Programmed death 1 (PD-1) is a co-inhibitory receptor and acts as a negative regulator of the immune system. It is overexpressed on tumor-infiltrating lymphocytes (TIL). The PD-1 ligand, PD-L1, is expressed by multiple carcinoma, including breast cancers. This suggests that the PD-1/PD-L1 signaling pathway could be a candidate target in breast and other cancers.

T cell infiltration is predictive for the efficacy of trastuzumab [73]–[76]. Biomarker studies have shown that PD-1+ TILs are associated with poor prognosis in HER2 positive breast cancer [77],[78] and preliminary data also suggest a relationship between PD-L1 expression on tumor cells and objective response to anti PD-1 therapy [79]. The effects of anti-PD-1 and anti-PD-L1 antibodies have been investigated in phase I trials in various cancer types and have shown encouraging responses (response rate 6 to 28% and stabilized disease rate 12% to 41%) [80],[81].

Preclinical studies have shown a synergism between trastuzumab and anti-PD1 antibodies [82].

Other monoclonal antibody (mAb)-based therapies are being investigated including anti CD73. Pre-clinical data have suggested that it can delay tumor growth and inhibit the development of metastases [83].

Conclusions

Although trastuzumab remains the standard treatment in patients with HER2 overexpressing breast cancer in neoadjuvant, adjuvant and metastatic settings, the presence of acquired and de novo resistance is a serious concern. The understanding of resistance mechanisms could allow developing strategies to prevent or overcome this resistance. The development of novel targeted therapies has changed the practices in metastatic settings.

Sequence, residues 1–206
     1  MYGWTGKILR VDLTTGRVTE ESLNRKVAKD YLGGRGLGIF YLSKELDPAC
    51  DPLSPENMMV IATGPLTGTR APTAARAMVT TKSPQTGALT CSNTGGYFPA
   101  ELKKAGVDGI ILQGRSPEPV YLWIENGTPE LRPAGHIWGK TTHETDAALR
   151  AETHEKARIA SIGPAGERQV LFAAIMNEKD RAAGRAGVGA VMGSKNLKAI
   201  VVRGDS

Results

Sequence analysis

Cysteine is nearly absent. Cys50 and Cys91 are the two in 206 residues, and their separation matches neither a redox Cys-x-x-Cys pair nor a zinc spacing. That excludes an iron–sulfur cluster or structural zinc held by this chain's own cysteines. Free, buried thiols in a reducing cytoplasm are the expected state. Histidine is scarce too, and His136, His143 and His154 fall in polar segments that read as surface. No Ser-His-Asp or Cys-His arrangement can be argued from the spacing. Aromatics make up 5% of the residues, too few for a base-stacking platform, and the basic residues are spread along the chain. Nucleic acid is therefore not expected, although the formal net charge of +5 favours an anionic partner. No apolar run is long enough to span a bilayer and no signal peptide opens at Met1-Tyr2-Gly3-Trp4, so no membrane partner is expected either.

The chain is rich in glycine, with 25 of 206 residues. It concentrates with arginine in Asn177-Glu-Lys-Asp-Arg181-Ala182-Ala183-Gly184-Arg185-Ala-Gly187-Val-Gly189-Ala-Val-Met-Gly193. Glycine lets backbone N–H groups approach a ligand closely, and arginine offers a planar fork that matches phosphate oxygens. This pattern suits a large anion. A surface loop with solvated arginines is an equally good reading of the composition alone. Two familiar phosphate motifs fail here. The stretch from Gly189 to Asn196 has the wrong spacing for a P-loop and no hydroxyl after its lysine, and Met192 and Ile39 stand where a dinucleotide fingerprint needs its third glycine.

New standards of care include trastuzumab plus pertuzumab plus docetaxel in first line treatment and TDM-1 for trastuzumab-resistant patients. In early breast cancer, dual HER2 blockade has shown promising results in the neoadjuvant setting. This strategy is being evaluated in the adjuvant setting in several randomized trials.

Since several different targets are under investigation, there is a need to identify predictive biomarkers to optimize combination strategies for suitable patients. Loss of PTEN and a high level of pS6 could facilitate the selection of appropriate patients who can benefit from personalized targeted therapy.

Abbreviations

17-AAG: 17-demethoxygeldanamycine

95% CI: confidence interval at 95%

ADCC: antibody-dependent cell-mediated cytotoxicity

CBR: clinical benefit rate

DFS: disease free survival

EGFR: epidermal growth factor receptor

HER2: human epidermal growth factor receptor 2

HR: hazard ratio

HSP90: heat shock protein 90

mAb: monoclonal antibody

MAPK: mitogen-activated protein kinase

MBC: metastatic breast cancer

mTOR: mammalian target of rapamycin

ORR: overall response rate

OS: overall survival

pCR: pathological complete response

PD-1: programmed death 1

PD-L1: programmed death 1 ligand

PFS: progression free survival

PI3K: phosphoinositide 3-kinase

PTEN: phosphatase and tensin homolog

T-DM1: trastuzumab emtansine

TIL: tumor-infiltrating lymphocytes

TKI: tyrosine kinase inhibitor

VEGF: vascular endothelial growth factor

Competing interests

Pernelle Lavaud declares that she has no competing interests. Fabrice André has a Research contract and is on the Advisory Board for Novartis and Astra Zeneca.

Authors’ contributions

PL performed literature review and wrote the manuscript. FA wrote the manuscript. Both authors read and approved the final manuscript.